Additional outdoor adventure opportunities that will facilitate the Virginia Elk and wildlife experience in the Appalachia Valley are now open to the public for elk and other wildlife watching. Two viewing stations are now open, and a third viewing station is expected to open in October.
The viewing stations are small, sheltered structures with bench-seating that overlook nearly 400-yards of habitat where there is known elk and other wildlife activity. Each structure can seat up to 25 people. All other wildlife that is thriving on the restored habitat that the viewing stations overlook are commonly visible in addition to the restored Virginia elk.
The viewing stations are located on Buchanan county IDA (Industrial Development Authority) property, which is located near Popular Gap Community Park. Each station was built on a different area of the property overlooking individual “viewing zones,” roughly within 1-mile proximity.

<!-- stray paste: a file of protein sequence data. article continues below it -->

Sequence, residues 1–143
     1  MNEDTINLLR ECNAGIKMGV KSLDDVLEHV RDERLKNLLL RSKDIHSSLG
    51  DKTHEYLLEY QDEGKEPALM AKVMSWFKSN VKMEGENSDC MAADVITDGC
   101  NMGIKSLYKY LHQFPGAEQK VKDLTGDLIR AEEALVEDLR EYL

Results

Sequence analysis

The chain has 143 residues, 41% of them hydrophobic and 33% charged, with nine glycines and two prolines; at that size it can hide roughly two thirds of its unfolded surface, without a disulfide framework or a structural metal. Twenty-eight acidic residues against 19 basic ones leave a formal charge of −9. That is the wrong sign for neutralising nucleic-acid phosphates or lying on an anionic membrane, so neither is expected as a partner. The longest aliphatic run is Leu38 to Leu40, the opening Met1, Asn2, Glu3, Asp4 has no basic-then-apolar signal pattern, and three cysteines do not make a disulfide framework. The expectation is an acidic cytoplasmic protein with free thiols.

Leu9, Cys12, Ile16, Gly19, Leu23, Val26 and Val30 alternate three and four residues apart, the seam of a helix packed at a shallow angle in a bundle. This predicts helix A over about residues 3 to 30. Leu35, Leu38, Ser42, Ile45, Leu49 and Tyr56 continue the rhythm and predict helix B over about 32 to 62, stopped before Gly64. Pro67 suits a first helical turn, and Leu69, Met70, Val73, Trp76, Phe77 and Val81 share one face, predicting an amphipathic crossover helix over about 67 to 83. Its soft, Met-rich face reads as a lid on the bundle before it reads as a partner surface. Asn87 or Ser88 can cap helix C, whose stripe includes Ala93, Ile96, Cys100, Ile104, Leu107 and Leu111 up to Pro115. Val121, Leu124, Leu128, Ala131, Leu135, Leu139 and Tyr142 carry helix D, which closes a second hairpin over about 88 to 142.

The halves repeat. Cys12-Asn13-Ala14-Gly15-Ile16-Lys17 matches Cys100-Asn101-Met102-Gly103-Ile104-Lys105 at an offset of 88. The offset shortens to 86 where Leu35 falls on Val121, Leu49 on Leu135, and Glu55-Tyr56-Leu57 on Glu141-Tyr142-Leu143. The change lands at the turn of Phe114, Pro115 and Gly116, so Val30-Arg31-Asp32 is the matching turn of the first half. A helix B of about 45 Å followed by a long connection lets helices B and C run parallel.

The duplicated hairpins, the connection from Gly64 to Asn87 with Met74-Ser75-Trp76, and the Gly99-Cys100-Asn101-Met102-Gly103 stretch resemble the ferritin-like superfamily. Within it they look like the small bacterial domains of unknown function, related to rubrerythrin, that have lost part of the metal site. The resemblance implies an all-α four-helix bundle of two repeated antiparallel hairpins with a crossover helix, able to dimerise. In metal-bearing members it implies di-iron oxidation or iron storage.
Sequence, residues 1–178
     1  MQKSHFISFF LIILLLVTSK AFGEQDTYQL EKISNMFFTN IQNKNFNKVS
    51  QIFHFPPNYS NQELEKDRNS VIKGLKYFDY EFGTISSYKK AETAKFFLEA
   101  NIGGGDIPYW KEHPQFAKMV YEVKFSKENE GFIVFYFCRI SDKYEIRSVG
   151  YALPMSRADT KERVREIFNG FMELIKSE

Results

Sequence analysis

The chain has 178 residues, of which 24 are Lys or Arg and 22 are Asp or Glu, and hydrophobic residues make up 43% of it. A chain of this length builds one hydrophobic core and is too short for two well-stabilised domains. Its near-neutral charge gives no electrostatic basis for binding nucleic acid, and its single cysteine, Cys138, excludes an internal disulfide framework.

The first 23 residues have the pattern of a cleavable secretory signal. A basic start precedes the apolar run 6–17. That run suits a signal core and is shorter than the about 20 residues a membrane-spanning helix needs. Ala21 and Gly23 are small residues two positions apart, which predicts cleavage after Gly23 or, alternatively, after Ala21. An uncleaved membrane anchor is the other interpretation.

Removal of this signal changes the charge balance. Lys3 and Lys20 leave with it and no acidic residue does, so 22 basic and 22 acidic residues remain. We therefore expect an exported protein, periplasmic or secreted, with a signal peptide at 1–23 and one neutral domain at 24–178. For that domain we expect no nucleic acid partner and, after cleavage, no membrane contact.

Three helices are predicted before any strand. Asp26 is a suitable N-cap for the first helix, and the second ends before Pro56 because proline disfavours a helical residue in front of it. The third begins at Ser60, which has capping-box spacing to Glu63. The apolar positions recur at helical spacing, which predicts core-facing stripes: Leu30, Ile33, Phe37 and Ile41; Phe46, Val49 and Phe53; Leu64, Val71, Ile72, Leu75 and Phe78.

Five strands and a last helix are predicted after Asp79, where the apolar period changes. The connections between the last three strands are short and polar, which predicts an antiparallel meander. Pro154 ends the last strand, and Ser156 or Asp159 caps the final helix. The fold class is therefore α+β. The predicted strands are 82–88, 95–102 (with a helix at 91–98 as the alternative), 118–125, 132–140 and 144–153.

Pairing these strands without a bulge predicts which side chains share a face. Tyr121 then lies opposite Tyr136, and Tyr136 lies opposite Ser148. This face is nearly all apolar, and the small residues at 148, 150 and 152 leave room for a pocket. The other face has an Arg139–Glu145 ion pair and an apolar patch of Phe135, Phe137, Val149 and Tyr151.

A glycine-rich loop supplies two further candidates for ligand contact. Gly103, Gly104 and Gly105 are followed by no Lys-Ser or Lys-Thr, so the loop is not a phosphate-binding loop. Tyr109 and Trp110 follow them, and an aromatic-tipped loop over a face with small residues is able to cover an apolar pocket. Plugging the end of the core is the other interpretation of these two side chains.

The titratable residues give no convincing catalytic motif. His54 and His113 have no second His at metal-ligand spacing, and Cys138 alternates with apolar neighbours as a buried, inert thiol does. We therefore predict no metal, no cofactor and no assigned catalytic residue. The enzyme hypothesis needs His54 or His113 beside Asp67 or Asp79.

The viewing zones are food plots or restored habitat sanctuaries that were created to attract wildlife by providing resources for them to thrive. Each station has dissimilar viewing opportunities depending on the time of day. Elk, wild turkey, and white-tailed deer are often active. New forage, wild flowers, various bird species and other wildlife are often seen in the viewing zones as well.
Though the viewing platforms sit on Buchanan Co. IDA property, access to these platforms is on property owned by Southern Gap Outdoor Adventures. Trails, camping, lodging, and a visitor’s center are underway on Southern Gap’s property to accommodate anyone interested in traveling to explore the outdoor adventures that Southwest Virginia offers. Southern Gap has few cabins and campsites readily available for lodging now, and they also offer ATV rentals for trail riding. There is access to the viewing stations by this trail.
Each viewing station has parking areas, and visitors will have a about a 100-yard walk to the platform from the parking areas. All viewing platforms are handicapped accessible.